Anthony Zinno had two World Series of Poker gold bracelets and three World Poker Tour main event titles to his name heading into this year. The 2015 Card Player Player of the Year award winner balanced out those two numbers by taking down the 2021 WSOP $10,000 buy-in seven card stud championship event, topping a tough final table to earn $182,872 and his third gold bracelet.
While Zinno’s victories on the WPT all took place in no-limit hold’em, his three bracelets have all come in other games. He first took down an event at the series in 2015, winning the $25,000 buy-in pot-limit Omaha event for more than $1.1 million. In 2019 he came out on top in the $1,500 pot-limit Omaha eight-or-better event for another $279,920.
“Honestly, it’s unreal, because stud is one of the games that I’ve only been recently working on, so I wouldn’t have expected it to be this game,” Zinno told PokerGO reporters when asked about winning his this seven-card stud championship event. “Some of the best stud players in the world were in the field.”
“I might play poker my whole life and not win another stud bracelet,” said Zinno. “These guys are so good at stud, and honestly, I’m not on the level of the top stud players by any stretch. There’s a lot of luck there, so that’s awesome.”
In addition to the bracelet and the money, Zinno was also awarded 360 Card Player Player of the Year points and 183 PokerGO Tour rankings points as the winner of this event.
The final table began with seven players remaining and 15-time bracelet winner Phil Hellmuth in the lead. Hellmuth was looking to extend his lead on the all-time bracelet winner list with a record 16th title at the series. This was his third final table so far at the 2021 WSOP, having finished sixth in the $25,000 buy-in H.O.R.S.E. and fifth in the $10,000
Omaha eight-or-better championship.
Jason Gola was the first to fall, with his split threes losing out to the split aces of James Chen. Both players improved to two pair on fifth street, but Chen’s aces up remained ahead through seventh street and Gola was eliminated in seventh place ($24,601).
Bracelet winner and 2019 Player of the Year award winner Stephen Chidwick was the next to hit the rail. He lost a huge chunk of his stack with fours full of aces losing to the sevens full of tens held by Zinno. Chidwick got the last of his chips in on fifth street with buried queens and both an ace and king on his board. James Chen called with split nines and improved to kings and nines on seventh street to take down the pot and narrow the field to five. Chidwick earned $30,842 and 120 POY points for his tenth final-table finish of the year. He now sits in 29th place in the 2021 POY race, which is sponsored by Global Poker. Chidwick also earned 31 PokerGO Tour rankings points. With more than $2.1 million in qualifying cashes, Chidwick currently occupies the 12th-place spot on the PokerGO Tour leaderboard.
Poker Hall of Fame member Jack McClelland’s run in this event came to an end in fifth place ($40,284). The longtime poker manager at Bellagio and Tournament Director for the WSOP in the 1980s was looking for his first bracelet. He came into the day quite short and was never able to rebuild much, despite hanging on to outlast a few opponents. McClelland got the last of his stack in with split deuces on fourth street. He was up against two higher pairs. He improved to trips deuces on seventh street, but Jose Paz-Gutierrez hit trip sixes to win the pot.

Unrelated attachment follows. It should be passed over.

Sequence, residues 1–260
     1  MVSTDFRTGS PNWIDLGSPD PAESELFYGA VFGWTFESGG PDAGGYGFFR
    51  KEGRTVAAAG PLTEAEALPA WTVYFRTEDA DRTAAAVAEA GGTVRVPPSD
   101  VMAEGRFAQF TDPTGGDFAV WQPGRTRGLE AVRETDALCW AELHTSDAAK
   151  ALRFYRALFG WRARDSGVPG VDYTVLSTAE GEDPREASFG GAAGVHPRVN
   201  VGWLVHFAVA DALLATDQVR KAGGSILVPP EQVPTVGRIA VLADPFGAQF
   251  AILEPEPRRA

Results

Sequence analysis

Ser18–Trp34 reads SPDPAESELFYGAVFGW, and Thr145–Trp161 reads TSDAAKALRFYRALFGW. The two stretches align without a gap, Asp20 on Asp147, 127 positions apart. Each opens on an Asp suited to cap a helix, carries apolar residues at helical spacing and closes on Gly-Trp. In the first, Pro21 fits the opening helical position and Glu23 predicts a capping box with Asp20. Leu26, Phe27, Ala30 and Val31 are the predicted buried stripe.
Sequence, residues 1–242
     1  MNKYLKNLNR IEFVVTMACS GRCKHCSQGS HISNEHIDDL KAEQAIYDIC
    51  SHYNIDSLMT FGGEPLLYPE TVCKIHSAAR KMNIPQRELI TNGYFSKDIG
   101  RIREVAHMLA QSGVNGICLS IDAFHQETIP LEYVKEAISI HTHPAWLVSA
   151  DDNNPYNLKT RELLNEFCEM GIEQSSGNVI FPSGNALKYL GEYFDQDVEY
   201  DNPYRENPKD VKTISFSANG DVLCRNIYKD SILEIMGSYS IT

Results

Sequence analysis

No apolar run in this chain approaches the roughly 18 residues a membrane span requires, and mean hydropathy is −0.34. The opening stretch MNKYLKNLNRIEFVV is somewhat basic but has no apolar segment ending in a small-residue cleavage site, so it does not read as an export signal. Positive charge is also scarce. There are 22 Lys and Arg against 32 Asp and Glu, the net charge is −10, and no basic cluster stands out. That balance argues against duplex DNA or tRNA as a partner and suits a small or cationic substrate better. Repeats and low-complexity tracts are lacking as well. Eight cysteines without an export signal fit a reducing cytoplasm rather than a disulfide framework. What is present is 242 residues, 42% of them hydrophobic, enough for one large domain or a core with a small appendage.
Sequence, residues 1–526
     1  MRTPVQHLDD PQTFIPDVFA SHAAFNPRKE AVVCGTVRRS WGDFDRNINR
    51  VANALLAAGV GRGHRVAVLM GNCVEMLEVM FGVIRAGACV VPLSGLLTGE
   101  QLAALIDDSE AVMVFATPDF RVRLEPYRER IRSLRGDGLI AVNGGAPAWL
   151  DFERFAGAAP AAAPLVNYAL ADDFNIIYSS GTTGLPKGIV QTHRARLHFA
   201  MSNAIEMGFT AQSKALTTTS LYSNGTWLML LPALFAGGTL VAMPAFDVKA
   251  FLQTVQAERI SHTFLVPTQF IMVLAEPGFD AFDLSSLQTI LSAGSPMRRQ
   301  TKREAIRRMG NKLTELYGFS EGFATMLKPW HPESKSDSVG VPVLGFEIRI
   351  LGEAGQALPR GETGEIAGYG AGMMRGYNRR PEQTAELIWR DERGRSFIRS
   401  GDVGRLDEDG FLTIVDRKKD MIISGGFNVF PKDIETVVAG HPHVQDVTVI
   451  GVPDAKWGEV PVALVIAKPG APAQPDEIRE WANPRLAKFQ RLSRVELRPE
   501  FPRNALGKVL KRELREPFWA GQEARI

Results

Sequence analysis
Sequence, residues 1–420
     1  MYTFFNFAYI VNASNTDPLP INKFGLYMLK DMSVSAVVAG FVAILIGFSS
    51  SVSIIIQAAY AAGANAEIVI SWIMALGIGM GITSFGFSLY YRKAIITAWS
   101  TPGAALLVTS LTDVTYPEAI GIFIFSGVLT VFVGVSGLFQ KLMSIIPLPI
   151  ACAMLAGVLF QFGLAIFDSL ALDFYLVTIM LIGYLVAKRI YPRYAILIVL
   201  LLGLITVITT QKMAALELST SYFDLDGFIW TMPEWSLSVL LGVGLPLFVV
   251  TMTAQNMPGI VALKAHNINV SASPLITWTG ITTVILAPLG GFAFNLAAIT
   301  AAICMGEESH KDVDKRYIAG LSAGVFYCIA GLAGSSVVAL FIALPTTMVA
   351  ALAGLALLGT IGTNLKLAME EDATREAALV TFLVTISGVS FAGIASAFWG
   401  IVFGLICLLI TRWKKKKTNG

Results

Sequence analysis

Phil Hellmuth had lost a key pot during six-handed action that knocked him from near the top of the chip counts towards the bottom. His split queens got beaten by a rivered flush for Zinno, prompting a profanity-laden outburst from Hellmuth that lasted several minutes. Hellmuth got the last of his very short stack in on fourth street with (KQ)5A. He was ahead of the (A7)102 of Paz-Gutierrez at the moment, but Paz-Gutierrez improved to a pair of deuces on fifth street and held from there to send Hellmuth home in fourth place. He earned $54,730 for his latest deep run at the WSOP.
Zinno was the clear chip leader heading into three-handed play. Despite busting Hellmuth, Paz-Gutierrez and remained the shortest stack at the table, although James Chen barely had him covered. The three battled it out for a while before the next elimination took place. Paz-Gutierrez got the last of his stack in on fourth street with an open-ended straight flush draw against James Chen’s king-high flush draw. The final boards ended up as follows:
Chen made a flush on sixth street and Paz-Gutierrez failed to hit his straight flush. He was awarded $77,227 for his third-place showing, while Chen entered heads-up play against Zinno at more than a 3:1 chip disadvatage. Chen was able to mount an early comeback, and even overtook the lead briefly, but Zinno regained control of the match in time for the final hand of the event. Chen was left with just a few big bets after Zinno won a big pot with an ace-high straight. He got the last of his stack in on fifth street with (96)A107 facing the (J3)A310 of Zinno. Chen hit a 5 on sixth street, while Zinno picked up the 7. Zinno’s pair of threes remained in the lead with one card to come. Chen pulled the J, missing all of his possible outs to take the lead. Zinno’s pair of threes did not improve any further, with the 2 on the end completing his board, but the small pair was enough to lock up the pot and the title. Chen earned $113,024 as the runner-up finisher.
Here is a look at the payouts and rankings points awarded at the final table:
Winner photo provided by PokerGO.